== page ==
Write Once Run Anywhere, a pipe dream or reality for developers?

Posted on May 15, 2015


The holy grail for a modern developer to be able to write their application once and run it on ALL devices, from a PC to a tablet and on mobile phones. We have heard it from Sun Microsystems in the age of JAVA and more than a few times in Microsoft vernacular of smoke and mirrors.

JAVA now part of the Oracle stable (or should I say ‘unstable’, pun) of products never quiet achieved its goals, falling foul of the user interface (UI) challenge across devices amongst other runtime inconsistencies. Whilst widely adopted and available on all sizes of devices it never really achieved ‘Write Once run Anywhere’. In fact it has become better known in later years for being one of the biggest security risks for organisations and has lost significant traction as a result, see my earlier blog on this theme ‘Oracle puts JAVA users at risk‘.

The main player to deliver in the ‘Write Once run Anywhere’ space is Microsoft. Their dominant desktop market share being a valuable spring board into taking the same slice of the tablet and phone application market pie. The logic goes that if developers could write their windows applications for any one of the platforms and reach across the others then the compelling attraction of the Windows Desktop audience would pull market share into the Phone and Tablet class of Windows devices. Well that’s the theory. Much to do in the execution, as the many iterations and market hype of past attempts from Redmond has shown.
Now we have the latest challenger for the crown in the Windows 10 Universal Application Platform . Don’t you just love the Microsoft naming conventions, how to really cause confusion when discussing a subject, use a similar name as something else that aspired to the same goal but did not quiet achieve it. I am talking about Windows 8 Universal App’s (UA) and Windows 10 Universal Apps Platform (UAP). OK the Redmond imagination extended to suffixing ‘Platform’, which means you will have to pay attention to the acronyms as UA = Windows 8 generation and UAP = Windows 10. Got it?

The Windows 8 UA model is based on Project Class Libraries to share code across devices conforming to a subset version of the .NET Framework supported by the target windows device. This means that the business logic was shared but did not allow for the user Interface to be shared. So the Microsoft marketers could pump a cross platform story without actually having the goods to back it up.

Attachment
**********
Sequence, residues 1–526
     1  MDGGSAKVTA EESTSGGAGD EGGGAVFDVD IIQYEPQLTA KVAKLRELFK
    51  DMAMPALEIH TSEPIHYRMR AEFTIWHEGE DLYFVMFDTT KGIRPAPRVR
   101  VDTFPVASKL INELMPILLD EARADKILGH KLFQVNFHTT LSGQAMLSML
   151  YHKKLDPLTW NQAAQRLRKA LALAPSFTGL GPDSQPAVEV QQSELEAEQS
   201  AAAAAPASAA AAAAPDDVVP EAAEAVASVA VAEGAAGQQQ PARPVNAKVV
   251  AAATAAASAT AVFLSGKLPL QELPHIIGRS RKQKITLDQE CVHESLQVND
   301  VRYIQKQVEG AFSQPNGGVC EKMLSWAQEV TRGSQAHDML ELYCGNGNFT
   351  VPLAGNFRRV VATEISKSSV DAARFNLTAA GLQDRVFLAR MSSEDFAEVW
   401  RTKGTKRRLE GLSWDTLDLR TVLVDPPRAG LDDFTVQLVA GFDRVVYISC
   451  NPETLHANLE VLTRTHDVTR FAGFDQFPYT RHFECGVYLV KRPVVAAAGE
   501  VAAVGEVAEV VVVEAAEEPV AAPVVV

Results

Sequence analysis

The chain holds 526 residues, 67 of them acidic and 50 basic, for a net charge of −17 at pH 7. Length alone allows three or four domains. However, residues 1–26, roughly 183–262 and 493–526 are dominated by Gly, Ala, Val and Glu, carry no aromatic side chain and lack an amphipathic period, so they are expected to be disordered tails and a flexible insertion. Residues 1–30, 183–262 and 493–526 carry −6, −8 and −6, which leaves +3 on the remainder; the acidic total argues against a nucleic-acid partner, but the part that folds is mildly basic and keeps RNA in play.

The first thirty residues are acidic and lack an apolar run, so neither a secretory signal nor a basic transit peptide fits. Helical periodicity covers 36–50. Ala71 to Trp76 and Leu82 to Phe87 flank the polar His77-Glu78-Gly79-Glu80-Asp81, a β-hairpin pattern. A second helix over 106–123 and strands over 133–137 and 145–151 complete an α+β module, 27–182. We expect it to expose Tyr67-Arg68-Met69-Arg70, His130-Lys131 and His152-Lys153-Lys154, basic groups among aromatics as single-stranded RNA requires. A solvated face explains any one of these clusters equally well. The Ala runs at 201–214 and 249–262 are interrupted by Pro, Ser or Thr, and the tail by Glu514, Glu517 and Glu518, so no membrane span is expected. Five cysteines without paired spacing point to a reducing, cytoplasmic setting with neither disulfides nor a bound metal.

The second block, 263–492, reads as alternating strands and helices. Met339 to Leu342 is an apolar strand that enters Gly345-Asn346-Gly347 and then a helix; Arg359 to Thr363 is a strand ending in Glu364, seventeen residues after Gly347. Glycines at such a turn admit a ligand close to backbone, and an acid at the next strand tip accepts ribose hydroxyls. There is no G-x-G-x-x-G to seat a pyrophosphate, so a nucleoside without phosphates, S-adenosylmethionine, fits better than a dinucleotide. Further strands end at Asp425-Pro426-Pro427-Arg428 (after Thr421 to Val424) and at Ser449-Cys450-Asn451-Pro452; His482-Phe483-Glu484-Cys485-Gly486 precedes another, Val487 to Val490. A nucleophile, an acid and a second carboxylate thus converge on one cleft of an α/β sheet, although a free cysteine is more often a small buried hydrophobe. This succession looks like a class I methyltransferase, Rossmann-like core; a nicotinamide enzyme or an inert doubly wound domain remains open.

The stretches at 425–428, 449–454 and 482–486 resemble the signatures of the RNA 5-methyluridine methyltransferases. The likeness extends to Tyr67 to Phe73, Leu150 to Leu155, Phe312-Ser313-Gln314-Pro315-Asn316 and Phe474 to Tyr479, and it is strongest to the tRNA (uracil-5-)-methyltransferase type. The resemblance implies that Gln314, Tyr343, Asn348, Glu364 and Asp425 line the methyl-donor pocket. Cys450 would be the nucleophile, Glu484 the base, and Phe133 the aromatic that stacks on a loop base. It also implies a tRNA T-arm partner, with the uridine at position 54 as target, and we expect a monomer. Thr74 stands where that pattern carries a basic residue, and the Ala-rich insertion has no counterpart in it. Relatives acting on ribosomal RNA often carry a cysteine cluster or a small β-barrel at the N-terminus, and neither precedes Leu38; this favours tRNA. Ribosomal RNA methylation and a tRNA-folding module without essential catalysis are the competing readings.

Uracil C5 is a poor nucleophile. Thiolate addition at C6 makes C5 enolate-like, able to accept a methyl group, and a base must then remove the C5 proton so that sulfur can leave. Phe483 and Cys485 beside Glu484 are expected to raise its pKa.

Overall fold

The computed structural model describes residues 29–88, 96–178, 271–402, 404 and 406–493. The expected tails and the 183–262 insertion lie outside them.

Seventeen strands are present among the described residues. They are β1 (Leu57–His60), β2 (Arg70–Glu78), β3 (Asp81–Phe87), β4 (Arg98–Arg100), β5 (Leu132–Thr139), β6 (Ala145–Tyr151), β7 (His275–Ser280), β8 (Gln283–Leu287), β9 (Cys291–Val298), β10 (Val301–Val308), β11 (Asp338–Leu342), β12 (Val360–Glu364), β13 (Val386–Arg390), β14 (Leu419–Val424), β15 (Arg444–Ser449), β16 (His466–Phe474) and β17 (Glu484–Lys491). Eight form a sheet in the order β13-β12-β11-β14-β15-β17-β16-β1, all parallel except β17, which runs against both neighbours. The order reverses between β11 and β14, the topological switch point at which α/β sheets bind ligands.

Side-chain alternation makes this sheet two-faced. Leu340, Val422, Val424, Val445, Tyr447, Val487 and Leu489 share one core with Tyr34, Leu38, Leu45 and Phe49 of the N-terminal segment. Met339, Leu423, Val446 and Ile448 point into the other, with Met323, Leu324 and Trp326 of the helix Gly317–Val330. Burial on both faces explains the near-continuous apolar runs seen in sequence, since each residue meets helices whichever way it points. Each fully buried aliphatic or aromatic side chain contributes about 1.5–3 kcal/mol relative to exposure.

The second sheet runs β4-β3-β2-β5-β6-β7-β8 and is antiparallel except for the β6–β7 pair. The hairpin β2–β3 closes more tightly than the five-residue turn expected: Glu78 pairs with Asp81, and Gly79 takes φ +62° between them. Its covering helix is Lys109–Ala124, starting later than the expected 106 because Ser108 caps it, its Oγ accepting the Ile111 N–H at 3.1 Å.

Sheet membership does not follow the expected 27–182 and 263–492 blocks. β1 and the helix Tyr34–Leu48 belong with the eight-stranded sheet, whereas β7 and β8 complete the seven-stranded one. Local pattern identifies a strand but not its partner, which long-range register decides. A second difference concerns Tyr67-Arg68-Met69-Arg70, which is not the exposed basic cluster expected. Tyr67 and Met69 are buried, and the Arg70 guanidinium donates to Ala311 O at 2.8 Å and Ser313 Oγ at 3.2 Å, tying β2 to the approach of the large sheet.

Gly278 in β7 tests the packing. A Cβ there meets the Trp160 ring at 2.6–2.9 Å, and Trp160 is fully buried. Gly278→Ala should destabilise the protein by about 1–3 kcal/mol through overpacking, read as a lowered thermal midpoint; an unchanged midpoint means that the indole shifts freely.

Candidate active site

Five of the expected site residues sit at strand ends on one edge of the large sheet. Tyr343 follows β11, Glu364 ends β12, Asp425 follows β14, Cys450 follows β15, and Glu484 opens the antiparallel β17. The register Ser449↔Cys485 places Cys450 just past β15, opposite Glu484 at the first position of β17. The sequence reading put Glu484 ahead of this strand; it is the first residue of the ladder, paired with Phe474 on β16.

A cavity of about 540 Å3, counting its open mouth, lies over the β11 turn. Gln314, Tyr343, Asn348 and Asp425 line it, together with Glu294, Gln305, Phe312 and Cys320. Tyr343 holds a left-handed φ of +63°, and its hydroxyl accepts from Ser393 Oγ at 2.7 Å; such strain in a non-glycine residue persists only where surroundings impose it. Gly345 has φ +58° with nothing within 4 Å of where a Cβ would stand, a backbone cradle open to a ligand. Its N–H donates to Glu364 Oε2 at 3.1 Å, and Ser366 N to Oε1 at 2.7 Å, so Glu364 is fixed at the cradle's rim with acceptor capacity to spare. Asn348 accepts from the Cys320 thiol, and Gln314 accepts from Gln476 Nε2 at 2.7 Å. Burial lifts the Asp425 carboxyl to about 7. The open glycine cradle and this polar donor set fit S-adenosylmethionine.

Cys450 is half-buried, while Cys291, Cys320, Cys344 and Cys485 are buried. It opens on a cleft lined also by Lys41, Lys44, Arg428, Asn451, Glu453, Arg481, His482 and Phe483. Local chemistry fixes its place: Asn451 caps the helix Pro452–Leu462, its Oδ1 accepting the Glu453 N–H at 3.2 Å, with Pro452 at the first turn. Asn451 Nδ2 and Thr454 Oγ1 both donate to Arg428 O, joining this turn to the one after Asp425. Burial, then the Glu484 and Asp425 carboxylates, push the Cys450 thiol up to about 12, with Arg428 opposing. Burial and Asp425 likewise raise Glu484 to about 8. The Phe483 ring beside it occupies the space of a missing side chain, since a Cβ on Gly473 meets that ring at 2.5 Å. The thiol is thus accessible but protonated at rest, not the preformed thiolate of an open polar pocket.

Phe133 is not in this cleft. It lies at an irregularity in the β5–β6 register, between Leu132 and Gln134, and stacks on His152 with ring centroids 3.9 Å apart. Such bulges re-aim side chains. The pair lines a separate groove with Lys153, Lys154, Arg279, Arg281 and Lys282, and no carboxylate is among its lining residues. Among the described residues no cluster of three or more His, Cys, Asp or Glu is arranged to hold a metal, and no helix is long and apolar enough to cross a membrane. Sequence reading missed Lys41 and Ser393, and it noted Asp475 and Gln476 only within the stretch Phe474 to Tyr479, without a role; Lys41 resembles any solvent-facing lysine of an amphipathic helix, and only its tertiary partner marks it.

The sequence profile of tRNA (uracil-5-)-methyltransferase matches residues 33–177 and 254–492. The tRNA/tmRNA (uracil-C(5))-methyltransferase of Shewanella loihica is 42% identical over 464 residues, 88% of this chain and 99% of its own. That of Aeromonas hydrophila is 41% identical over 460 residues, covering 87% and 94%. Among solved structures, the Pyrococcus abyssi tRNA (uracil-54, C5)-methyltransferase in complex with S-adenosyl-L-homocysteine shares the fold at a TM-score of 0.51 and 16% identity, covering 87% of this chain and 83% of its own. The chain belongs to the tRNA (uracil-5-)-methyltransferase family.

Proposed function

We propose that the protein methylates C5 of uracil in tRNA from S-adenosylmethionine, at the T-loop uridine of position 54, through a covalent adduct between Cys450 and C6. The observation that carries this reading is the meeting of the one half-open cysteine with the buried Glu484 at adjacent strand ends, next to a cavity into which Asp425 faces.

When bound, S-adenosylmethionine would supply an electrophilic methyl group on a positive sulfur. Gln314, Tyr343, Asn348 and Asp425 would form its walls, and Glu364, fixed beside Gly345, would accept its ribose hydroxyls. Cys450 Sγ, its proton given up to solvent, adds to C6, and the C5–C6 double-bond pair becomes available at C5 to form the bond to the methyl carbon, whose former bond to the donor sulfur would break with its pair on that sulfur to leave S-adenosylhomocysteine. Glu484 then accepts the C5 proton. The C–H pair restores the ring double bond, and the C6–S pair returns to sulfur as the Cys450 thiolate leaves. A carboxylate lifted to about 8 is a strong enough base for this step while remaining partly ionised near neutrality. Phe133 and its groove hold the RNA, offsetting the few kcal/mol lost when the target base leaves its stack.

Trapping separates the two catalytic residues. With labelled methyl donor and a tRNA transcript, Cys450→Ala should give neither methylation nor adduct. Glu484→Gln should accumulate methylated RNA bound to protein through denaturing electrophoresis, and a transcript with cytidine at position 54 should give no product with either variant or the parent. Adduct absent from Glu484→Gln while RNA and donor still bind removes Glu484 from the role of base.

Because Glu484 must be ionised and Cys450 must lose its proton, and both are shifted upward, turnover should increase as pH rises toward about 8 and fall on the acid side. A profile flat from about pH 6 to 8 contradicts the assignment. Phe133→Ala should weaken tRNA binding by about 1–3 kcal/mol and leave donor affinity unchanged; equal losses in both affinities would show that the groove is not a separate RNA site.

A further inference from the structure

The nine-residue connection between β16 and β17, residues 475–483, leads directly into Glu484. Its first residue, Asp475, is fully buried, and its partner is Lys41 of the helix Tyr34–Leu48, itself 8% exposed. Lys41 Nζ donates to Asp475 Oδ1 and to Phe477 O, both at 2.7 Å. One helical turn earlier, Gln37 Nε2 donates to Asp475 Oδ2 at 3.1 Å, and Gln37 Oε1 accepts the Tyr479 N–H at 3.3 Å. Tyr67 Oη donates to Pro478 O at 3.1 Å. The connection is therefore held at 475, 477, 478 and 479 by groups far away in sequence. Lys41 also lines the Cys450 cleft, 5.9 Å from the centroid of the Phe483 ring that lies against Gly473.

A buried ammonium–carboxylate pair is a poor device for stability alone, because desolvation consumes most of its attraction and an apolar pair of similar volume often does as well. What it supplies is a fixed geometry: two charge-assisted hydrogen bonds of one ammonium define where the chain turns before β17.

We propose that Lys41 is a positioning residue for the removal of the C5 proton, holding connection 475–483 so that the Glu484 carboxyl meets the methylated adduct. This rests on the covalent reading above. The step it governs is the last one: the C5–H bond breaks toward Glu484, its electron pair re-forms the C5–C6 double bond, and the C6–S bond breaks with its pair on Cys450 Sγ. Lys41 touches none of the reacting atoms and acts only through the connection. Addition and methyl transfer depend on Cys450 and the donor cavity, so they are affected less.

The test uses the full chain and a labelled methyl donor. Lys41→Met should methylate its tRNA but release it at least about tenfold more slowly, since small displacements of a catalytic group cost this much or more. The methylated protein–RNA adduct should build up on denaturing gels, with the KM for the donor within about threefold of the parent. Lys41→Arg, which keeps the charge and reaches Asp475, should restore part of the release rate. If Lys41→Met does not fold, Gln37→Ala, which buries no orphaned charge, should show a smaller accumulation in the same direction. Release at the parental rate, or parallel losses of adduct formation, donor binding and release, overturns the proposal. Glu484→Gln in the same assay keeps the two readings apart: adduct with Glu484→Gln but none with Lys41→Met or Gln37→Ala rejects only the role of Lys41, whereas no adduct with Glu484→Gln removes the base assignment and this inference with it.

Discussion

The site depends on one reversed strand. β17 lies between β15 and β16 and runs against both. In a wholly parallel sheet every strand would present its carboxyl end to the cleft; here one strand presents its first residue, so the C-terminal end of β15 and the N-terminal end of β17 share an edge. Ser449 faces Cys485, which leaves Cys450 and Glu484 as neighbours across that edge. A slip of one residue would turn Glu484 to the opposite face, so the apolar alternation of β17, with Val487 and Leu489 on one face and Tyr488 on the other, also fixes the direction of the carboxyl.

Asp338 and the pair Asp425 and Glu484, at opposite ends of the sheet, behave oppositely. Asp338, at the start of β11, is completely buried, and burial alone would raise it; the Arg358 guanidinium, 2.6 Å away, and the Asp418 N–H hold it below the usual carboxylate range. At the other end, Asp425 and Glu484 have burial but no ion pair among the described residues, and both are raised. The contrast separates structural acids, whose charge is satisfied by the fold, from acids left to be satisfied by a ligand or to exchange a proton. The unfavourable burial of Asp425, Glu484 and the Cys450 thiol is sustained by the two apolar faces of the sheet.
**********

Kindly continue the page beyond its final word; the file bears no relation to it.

Windows 10 Universal App Platform (UAP) is similar but goes the final mile. The main difference is that in the Windows 8 UA model it was about sharing no-visual code, the Windows 10 UAP extends into the user interface.

Windows 10 UAP introduces the Adaptive UX. A set of controls and libraries that allows developers to design once and run on many devices. Well at least in principle. Adaptive UX uses the familiar XAML based presentation language which Microsoft previous implemented inconsistently across Silverlight, Windows 8 and Phone. The Windows 10 UAP addresses this and endeavours to use the same XAML implementation everywhere.

One exception to the consolidated implementation of XAML is the Windows Presentation Framework (WPF) for desktop only applications which continues on its own unique path. There is logic in this, and it’s not a Microsoft fudge. The traditional WPF path is retained to preserve the traditional Window’s Operating System user experience (UX) for apps developed JUST for the desktop and no other device. If you look at applications written using the new Windows 10 UAP XAML implementation you will see a distinct change to the window styles and behaviours in line with the ‘Modern App’ themes. I guess this is an inevitability of the blending of these presentation styles across all devices.

Key to this of course is the device Operating System consolidated on Window’s 10. So there you have it, to play in the new wonderful world your target audiences need to be on the latest and greatest, no surprise really Microsoft are a profit focused business. In past years this has been a long hard slog getting the new Operating System platform adopted. This time Microsoft is taking some unique steps which should see the target platforms appear at an unprecedented rate, and drive the new UAP apps: